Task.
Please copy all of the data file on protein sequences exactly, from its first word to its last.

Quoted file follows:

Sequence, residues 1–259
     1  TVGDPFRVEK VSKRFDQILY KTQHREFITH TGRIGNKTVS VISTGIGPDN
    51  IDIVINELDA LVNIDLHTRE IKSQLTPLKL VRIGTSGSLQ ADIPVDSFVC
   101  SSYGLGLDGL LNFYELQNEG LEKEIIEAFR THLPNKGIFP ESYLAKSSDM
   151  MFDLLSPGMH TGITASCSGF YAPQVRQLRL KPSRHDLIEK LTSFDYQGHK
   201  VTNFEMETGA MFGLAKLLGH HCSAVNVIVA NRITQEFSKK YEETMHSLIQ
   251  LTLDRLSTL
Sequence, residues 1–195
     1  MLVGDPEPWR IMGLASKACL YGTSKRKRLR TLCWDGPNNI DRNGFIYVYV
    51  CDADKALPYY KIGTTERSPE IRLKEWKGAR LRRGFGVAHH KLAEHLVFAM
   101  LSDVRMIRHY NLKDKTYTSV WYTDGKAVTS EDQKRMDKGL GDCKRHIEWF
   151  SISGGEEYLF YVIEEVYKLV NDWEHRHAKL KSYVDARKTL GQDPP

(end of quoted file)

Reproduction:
Sequence, residues 1–259
     1  TVGDPFRVEK VSKRFDQILY KTQHREFITH TGRIGNKTVS VISTGIGPDN
    51  IDIVINELDA LVNIDLHTRE IKSQLTPLKL VRIGTSGSLQ ADIPVDSFVC
   101  SSYGLGLDGL LNFYELQNEG LEKEIIEAFR THLPNKGIFP ESYLAKSSDM
   151  MFDLLSPGMH TGITASCSGF YAPQVRQLRL KPSRHDLIEK LTSFDYQGHK
   201  VTNFEMETGA MFGLAKLLGH HCSAVNVIVA NRITQEFSKK YEETMHSLIQ
   251  LTLDRLSTL
Sequence, residues 1–195
     1  MLVGDPEPWR IMGLASKACL YGTSKRKRLR TLCWDGPNNI DRNGFIYVYV
    51  CDADKALPYY KIGTTERSPE IRLKEWKGAR LRRGFGVAHH KLAEHLVFAM
   101  LSDVRMIRHY NLKDKTYTSV WYTDGKAVTS EDQKRMDKGL GDCKRHIEWF
   151  SISGGEEYLF YVIEEVYKLV NDWEHRHAKL KSYVDARKTL GQDPP